Scores of Medicaid audits still leave holes
To audit or not to audit.
That's a key question the General Assembly will debate after it convenes today for a special session to decide whether to expand Virginia's Medicaid program, a battle that is tying up passage of a two-year state budget.
House Republicans oppose offering the healthcare program to an additional 400,000 poor Virginians, even though the federal government will foot the entire tab at first and pay 90 percent of the cost over the long run. GOP delegates say the federal government can't be trusted to fund its promise and, if it goes back on its word, the state will be stuck with the tab.
House GOP leaders insist that before any expansion occurs, the state's Medicaid system must undergo a two-year external audit to seek efficiencies in a program whose costs have increased by an average of 8 percent a year over the last three decades. Virginia's Medicaid program is projected to cost $8 billion this year.
Gov. Terry McAuliffe, a Democrat, says the state program has already been examined to death and the two-year audit is a ruse by conservatives to scuttle the expansion, which is an option under Obamacare.
"We've had 63 audits," McAuliffe said on Feb. 27 during his monthly radio show on WRVA. "When they say they want an audit, it just means, 'Let's kick the can down the road.'"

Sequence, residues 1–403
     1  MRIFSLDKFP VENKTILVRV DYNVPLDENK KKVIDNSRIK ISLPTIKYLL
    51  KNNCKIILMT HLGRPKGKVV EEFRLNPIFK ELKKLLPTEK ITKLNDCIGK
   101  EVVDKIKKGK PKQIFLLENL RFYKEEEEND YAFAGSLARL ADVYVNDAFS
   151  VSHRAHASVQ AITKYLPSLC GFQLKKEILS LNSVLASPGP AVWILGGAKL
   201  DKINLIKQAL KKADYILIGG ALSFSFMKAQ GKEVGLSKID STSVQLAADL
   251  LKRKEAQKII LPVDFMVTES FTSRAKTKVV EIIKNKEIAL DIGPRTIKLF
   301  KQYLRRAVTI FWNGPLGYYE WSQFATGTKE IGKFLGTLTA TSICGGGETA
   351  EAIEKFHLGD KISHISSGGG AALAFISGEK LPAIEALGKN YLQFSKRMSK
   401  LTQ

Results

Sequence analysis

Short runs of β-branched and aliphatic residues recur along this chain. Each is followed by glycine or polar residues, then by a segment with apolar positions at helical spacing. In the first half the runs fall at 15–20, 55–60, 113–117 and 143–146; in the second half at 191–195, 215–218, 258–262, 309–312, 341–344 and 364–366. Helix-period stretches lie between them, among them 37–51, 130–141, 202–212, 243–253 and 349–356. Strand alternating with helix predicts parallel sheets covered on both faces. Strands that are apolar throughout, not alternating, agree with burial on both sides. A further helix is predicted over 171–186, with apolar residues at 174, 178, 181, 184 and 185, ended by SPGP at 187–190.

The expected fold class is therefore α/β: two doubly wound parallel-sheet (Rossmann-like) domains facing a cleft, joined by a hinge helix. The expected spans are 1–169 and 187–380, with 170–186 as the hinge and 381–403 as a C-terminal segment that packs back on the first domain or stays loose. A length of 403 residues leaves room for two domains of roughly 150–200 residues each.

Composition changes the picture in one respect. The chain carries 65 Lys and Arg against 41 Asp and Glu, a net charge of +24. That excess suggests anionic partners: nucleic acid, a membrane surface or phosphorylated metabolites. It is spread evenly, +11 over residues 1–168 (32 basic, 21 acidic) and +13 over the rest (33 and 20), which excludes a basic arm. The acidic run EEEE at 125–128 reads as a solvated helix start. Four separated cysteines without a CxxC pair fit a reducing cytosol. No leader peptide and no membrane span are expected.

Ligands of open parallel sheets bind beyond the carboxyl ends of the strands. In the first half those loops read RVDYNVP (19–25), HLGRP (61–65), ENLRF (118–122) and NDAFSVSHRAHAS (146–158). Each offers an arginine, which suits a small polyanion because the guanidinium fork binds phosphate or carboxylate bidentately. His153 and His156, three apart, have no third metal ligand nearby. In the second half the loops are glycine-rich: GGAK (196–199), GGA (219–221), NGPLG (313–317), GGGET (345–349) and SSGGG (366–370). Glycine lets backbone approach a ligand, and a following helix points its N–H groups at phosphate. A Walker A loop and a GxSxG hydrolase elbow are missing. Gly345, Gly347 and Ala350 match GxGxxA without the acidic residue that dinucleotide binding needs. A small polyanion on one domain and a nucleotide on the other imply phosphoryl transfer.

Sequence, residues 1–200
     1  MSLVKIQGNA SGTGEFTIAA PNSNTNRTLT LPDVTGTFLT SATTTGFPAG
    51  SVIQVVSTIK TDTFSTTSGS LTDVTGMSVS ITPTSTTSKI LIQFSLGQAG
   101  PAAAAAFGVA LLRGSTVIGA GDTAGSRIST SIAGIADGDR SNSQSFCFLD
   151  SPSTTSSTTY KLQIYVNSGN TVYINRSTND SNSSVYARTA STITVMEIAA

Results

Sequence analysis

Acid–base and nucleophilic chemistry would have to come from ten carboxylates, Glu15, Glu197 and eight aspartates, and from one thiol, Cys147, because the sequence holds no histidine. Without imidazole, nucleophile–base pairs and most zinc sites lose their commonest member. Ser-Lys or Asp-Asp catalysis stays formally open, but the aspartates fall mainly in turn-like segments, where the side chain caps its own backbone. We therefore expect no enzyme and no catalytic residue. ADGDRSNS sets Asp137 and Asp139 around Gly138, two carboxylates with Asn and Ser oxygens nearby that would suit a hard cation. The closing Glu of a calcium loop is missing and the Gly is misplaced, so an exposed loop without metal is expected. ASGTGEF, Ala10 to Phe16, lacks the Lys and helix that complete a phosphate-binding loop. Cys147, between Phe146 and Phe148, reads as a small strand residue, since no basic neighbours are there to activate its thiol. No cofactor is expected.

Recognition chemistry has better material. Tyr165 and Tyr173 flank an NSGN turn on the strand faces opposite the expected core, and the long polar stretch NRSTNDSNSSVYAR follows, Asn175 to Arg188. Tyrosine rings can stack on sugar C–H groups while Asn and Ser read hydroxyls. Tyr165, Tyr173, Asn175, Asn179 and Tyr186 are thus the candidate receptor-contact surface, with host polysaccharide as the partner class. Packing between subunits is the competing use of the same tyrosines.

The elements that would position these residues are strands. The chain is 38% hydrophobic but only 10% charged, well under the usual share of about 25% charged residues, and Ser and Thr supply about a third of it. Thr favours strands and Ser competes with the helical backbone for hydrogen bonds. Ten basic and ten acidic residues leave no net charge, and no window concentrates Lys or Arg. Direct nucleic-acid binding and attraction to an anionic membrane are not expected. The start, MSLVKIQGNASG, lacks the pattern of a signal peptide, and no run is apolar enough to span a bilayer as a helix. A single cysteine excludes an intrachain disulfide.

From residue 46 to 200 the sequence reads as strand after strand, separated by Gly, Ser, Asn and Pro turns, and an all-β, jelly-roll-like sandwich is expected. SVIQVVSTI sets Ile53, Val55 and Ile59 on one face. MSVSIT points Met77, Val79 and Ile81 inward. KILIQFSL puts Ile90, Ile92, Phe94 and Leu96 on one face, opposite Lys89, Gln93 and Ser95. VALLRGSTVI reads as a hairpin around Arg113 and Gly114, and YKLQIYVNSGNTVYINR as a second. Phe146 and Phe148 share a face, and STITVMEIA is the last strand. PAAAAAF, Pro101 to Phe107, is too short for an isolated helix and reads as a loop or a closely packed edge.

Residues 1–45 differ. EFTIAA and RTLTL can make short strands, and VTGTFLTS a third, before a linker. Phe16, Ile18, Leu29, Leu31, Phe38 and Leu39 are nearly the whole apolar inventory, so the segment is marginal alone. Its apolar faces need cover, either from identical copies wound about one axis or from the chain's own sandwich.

All this talk about audits caught our attention. We wondered about the dates, numbers and scope of these probes. So we took a look, and what we found could bolster the arguments of either side in this debate.
McAuliffe is right that Medicaid has had lots of scrutiny. The governor's office sent us a list of 63 examinations since 2002 of the Department of Medical Assistance Services, the agency that runs the state's Medicaid program. Two of the reports were listed twice, so the correct number of examinations is 61. Of them, eight have not yet been published.
We requested copies of the 53 items on the list that have been published and found they overwhelmingly focused on small pieces of Virginia's Medicaid program, verifying that there had been proper accounting of funds paid in and out. They provide insights to some of the specific issues House Republicans want addressed in a new two-year state audit. But few of the reports address the GOP question of whether broad efficiencies can be brought to the program down the road.